May 6

Thank you to Vancouver-based JET alum Alison Dacia Brown (Iwate-ken, Rikuzentakata, 2005-2008) for sharing the below piece which she originally wrote for JETAA British Columbia:


Rikuzentakata in Iwate prefecture is the best little town that you’ve never been to.

I think I can safely assume that. I think Vancouverites in particular would have appreciated it because to me, Rikuzentakata as of March 10, 2011, was Vancouver in miniature, complete with a beach and mountains in the background. It made me feel like I was just across the pond from Canada. I actually requested Iwate on my JET application, which hardly anyone does. I was more than lucky to be placed where I was, and not just in terms of geography.

It had a quaint little sake factory called Suisen that held hanami parties during the cherry blossom season. It had a gorgeous, sandy beach lined with thousands of slender, yet majestic pine trees. It had the best neighbours a foreigner could ever have when she is away from home. Neighbours who fed her when she was sick with a stomach infection. It had an amazing Japanese woman, who translated all of her farewell speeches from Japanese into English. It had a hard-working Board of Education. It had an amazing ALT from Alaska.

Suisen is gone but I was told that in the days after the tsunami, the smell of sake permeated the area. I’m sure it was hiding more insidious smells. All of the trees which lined the beach are gone except for one. This tree is now called ‘The Miracle Tree’ and it’s giving hope to tsunami survivors. Unfortunately, it’s become a tourist destination and it’s making transportation into Rikuzentakata difficult.

The neighbour who fed her when she was sick, sometimes 3 times a day, lost her house which also housed the family’s tatami business. Her son was a volunteer firefighter and went directly to the beach to close the tsunami wall. His body was found 4 days ago and he has been cremated. The woman who translated her farewell speeches into English, Mutsuko Ozawa, is alive but has lost her mother, sister, nephew and cousins to the tsunami. Only her sister was found. Her house is gone and she has sent her children to central Japan while she and her husband fix up a new house to live in.

21 out of the 26 people who worked at her Board of Education are dead. It was an emergency meeting point, but unfortunately, the building which housed the Board of Education, was only 3 stories high. The tsunami went over it. My good friend, Kie Murakami, was still working at the Board of Education when the tsunami hit. I was hoping she wasn’t, as people change jobs every 3 years, as many of you know. I prayed she was somewhere else, away from the shore. She was found two weeks ago, and she has left behind a daughter and a husband who will miss her immensely. Kie was with Monty Dickson, who was the current JET ALT. He had taken over my position a year after I left Japan, and I know he loved the place as much as I did. I have a picture of Kie and Monty on the top of the local mountain, and it’s very hard to look at, knowing what has happened to them.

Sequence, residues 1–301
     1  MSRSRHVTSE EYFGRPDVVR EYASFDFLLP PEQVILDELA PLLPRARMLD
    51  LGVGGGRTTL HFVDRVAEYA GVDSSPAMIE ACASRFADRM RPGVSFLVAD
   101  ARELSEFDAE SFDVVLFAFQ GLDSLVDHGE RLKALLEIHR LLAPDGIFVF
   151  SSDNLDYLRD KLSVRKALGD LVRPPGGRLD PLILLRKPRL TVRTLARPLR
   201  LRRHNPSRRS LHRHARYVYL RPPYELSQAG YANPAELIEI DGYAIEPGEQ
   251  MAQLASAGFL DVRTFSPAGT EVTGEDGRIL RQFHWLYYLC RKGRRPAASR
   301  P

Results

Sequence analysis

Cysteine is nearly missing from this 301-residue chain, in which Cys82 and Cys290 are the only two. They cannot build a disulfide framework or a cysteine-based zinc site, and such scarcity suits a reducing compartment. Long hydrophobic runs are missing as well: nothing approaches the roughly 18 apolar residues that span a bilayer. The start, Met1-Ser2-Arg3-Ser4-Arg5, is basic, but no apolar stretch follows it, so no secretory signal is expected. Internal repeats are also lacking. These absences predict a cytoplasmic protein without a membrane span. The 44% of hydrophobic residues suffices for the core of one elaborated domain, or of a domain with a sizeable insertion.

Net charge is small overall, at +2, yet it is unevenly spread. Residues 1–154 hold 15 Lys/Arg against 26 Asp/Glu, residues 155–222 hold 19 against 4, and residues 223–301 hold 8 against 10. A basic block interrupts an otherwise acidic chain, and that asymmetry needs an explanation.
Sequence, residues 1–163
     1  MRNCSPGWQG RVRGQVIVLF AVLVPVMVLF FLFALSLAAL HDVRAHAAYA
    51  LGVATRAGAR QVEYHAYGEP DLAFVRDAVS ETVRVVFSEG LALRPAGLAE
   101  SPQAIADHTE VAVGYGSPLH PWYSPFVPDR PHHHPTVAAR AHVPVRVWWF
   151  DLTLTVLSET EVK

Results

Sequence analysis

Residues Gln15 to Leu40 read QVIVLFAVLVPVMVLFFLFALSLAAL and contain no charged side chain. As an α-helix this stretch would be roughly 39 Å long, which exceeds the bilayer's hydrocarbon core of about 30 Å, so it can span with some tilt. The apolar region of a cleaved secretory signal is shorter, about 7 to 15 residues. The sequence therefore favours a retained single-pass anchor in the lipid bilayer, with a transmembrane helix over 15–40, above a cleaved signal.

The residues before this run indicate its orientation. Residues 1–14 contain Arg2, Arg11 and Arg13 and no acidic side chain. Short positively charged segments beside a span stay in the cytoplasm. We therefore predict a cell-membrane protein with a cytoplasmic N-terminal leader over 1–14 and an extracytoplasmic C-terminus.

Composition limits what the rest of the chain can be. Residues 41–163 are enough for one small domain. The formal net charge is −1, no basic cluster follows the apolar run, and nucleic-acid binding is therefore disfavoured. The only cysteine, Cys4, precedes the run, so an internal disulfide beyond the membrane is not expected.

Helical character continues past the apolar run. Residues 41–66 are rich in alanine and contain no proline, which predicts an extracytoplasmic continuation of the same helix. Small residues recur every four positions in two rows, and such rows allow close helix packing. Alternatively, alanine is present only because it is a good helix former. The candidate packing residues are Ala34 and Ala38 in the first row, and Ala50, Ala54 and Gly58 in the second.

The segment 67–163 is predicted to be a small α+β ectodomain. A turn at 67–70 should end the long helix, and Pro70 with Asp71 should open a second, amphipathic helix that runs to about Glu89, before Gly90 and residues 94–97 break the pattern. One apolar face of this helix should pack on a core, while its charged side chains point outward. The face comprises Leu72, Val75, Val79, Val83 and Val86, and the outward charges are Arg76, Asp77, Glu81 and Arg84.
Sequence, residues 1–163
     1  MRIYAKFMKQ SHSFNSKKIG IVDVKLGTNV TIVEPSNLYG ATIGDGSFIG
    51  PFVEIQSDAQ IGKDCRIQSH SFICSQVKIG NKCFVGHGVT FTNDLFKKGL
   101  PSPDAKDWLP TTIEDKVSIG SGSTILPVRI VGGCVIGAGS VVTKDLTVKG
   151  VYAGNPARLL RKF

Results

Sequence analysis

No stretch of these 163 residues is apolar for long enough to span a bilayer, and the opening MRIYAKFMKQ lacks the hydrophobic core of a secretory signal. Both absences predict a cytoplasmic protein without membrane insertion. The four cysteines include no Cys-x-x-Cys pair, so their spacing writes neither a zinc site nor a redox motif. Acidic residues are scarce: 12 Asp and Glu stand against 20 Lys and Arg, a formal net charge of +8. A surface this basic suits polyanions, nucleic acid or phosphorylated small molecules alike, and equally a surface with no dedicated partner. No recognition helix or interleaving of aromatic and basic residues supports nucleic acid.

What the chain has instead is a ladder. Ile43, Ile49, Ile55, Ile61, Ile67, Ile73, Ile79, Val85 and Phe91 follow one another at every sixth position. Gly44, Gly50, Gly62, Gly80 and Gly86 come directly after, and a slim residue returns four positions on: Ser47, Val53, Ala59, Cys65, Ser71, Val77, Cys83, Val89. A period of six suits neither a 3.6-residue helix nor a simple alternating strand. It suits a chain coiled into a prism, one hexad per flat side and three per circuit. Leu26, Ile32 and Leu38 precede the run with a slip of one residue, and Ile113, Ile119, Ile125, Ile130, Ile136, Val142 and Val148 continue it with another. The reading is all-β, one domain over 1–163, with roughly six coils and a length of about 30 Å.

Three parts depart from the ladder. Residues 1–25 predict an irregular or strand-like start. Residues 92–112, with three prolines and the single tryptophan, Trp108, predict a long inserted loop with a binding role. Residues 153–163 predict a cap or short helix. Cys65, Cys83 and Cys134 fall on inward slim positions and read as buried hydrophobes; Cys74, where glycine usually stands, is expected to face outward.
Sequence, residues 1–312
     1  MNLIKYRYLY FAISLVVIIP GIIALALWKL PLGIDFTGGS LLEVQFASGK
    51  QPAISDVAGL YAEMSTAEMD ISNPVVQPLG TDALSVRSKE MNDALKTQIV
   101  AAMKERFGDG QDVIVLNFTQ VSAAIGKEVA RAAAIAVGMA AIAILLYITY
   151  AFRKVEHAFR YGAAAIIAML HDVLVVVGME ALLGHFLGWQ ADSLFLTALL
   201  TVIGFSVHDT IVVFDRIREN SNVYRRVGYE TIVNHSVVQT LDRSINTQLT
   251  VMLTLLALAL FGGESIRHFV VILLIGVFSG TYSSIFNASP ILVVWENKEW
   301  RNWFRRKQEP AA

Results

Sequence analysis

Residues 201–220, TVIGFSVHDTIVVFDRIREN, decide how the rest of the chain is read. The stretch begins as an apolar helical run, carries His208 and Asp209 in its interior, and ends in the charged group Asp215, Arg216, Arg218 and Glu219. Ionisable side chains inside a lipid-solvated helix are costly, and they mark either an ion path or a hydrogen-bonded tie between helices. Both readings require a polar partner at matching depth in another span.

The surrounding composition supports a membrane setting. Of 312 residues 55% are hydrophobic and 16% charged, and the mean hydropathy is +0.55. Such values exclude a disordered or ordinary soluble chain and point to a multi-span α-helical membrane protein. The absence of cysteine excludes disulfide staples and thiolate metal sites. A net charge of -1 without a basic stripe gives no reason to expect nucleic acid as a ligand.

I hope to return someday to help. I think many of the former Iwate JETs feel this way. Right now, the only way I can help is by donating money, which we have all been doing. I have given hugs to Japanese people on Granville street in exchange for money. I have bought t-shirts. I have done a charity walk for Japan to raise money through JETAABC. I have donated money directly. But of course it is not enough. I desperately want to return to my adopted city which took care of me for 3 years to let them know that they have not been forgotten.

4 comments so far...

  • Sarah Ruddy Said on May 6th, 2011 at 11:39 am:

    Thanks for writing this Alison. I miss Rikuzentakata and the people everyday. It is an incredible place and I can’t wait for the opportunity to go back as well and do whatever I can to help out.

    Rikuzentakata, 2008-2009

  • Marie Ridley Said on May 6th, 2011 at 9:02 pm:


    Thank you for sharing this. I am an alum ’87-’89
    Iwate-ken Ninohe Kyoiikujimusho. When the tragedy struck
    I thought of all the teachers I met from the coast,
    and know that there are people who touched my life that are now gone.

    I was in Maine when the earthquake struck in Japan, and I
    suddenly woke up feeling that gentle and kind
    souls that I met were suddenly no longer with us.

    Your writing filled a void and I appreciate you sharing your
    story with everyone.


  • Alison Dacia Brown Said on May 7th, 2011 at 4:10 pm:

    Thank you Marie, and my successor Sarah. I’m glad you liked the article, although I wish I never had to write it in the first place.

    I hope all is well with you on the east coast!


  • Steve Dowty Said on June 19th, 2011 at 11:02 am:

    My son has just been assigned to Rikuzentakata. As you might guess, we’re more than a little concerned at the situation he might be sent into. If anyone can contact us and let us know what things are really like there right now, we would be most grateful. My email is steve [at]


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